Cosmonauts’ brains also “float” in zero gravity

Astronaut brain scans before and after spaceflight revealed a change in white matter in areas that control movement and process sensory information. Worsening is similar to what happens with aging, but proceeds much faster. The findings of the study may help explain why some astronauts have problems with balance and coordination when they return to Earth, said study co-author Rachel Seidler, a professor at the College of Health and Human Activities at the University of Florida.

However, changes in one region – the cerebellum – were more pronounced for those whose missions were shorter, which suggests that our brain is able to adapt after a sufficient time.
Symptoms of Space Disease

The study examined scans of 15 NASA astronauts. Scanning also showed that the cerebrospinal fluid was collected at the base of the brain after a space flight. The astronaut’s brain, in fact, floated a little higher than usual in the skull after exiting microgravity.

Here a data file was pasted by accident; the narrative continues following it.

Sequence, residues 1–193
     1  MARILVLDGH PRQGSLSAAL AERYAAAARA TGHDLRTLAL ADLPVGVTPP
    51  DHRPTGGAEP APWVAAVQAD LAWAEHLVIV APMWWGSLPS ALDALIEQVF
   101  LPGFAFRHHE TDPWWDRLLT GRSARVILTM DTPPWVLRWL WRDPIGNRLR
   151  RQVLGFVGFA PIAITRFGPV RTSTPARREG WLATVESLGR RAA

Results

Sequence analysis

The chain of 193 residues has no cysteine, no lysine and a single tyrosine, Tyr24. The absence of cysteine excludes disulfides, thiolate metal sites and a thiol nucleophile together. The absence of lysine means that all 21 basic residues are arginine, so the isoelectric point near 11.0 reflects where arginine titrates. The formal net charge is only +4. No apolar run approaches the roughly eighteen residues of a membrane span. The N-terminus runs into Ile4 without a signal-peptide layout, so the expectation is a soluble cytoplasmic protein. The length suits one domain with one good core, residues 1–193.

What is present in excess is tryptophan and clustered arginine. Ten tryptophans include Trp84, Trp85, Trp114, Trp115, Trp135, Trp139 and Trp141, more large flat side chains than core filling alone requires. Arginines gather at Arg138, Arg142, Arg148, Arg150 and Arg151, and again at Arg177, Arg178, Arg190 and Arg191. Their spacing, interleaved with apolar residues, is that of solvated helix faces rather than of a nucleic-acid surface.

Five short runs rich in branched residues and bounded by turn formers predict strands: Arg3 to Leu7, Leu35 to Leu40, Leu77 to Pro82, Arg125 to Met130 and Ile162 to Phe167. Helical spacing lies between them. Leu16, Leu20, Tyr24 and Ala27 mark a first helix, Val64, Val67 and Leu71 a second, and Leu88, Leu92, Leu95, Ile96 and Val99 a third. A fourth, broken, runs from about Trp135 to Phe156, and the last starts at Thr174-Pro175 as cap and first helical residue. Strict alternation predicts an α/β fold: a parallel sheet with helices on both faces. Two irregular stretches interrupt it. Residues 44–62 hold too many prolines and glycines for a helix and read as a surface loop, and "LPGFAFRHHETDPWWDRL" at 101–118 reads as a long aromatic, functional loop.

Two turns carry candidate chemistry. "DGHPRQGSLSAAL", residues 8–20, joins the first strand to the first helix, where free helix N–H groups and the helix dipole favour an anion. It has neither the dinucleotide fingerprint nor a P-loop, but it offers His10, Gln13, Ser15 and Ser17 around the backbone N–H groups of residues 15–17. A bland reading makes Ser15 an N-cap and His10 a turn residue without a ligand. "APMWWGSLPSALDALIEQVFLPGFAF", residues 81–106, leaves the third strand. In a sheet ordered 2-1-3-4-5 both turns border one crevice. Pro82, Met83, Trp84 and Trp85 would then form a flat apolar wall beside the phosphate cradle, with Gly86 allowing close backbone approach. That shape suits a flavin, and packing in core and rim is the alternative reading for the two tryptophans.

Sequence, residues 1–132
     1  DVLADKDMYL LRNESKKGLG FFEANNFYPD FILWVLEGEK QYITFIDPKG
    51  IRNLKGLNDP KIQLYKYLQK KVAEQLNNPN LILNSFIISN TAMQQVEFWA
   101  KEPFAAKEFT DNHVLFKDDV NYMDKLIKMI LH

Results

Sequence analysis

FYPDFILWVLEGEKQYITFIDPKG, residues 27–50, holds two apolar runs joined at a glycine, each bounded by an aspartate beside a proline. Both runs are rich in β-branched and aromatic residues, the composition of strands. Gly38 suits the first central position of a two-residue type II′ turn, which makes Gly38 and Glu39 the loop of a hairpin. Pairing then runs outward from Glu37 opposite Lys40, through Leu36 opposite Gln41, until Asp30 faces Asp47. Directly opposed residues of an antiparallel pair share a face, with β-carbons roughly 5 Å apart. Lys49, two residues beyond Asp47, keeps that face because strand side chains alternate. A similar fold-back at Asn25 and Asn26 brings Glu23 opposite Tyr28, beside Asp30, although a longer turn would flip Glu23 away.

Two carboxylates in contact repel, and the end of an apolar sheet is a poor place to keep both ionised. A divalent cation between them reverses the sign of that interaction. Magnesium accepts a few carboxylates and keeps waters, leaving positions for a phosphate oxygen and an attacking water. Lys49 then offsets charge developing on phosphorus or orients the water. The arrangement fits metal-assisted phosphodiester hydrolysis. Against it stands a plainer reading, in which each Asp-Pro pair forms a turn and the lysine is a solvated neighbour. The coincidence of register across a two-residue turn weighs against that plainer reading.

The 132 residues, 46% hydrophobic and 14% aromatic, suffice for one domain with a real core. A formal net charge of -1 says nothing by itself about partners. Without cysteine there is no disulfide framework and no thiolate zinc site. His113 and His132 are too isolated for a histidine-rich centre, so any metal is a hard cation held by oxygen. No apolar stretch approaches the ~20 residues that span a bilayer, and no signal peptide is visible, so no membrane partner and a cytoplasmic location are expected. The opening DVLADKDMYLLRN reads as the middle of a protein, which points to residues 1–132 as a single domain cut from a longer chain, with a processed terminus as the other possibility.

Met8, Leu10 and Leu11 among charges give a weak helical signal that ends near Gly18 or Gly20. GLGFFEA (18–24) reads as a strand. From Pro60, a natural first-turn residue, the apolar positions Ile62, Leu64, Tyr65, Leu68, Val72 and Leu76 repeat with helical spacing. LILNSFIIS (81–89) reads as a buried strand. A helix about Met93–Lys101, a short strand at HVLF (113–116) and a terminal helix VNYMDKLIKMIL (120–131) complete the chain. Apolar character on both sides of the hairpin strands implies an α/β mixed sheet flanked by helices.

“We know that fluid moves to the head in space,” says Seidler. “When you look at photos and videos of astronauts, their faces often look puffy, because gravity does not attract fluid down in the body.”

According to her, the same phenomenon may lie in the ingress of cerebrospinal fluid into the skull, which may contribute to the appearance of the neuro-ocular syndrome when the optic nerve is bent, vision changes, and the back of the eye flattens.

“The fluid turns more slowly, perhaps pressure on the optic nerve, or the fact that the brain pulls the optic nerve, as it floats higher in the skull,” says Seidler.

Problems with the balance of white matter are usually eliminated after a few weeks after returning to Earth, but the changes in the brain caused by them can persist longer. In future research, Seidler and her colleagues plan to evaluate the scan results six months after a space flight, to see how long these changes will last, as well as to understand what causes them.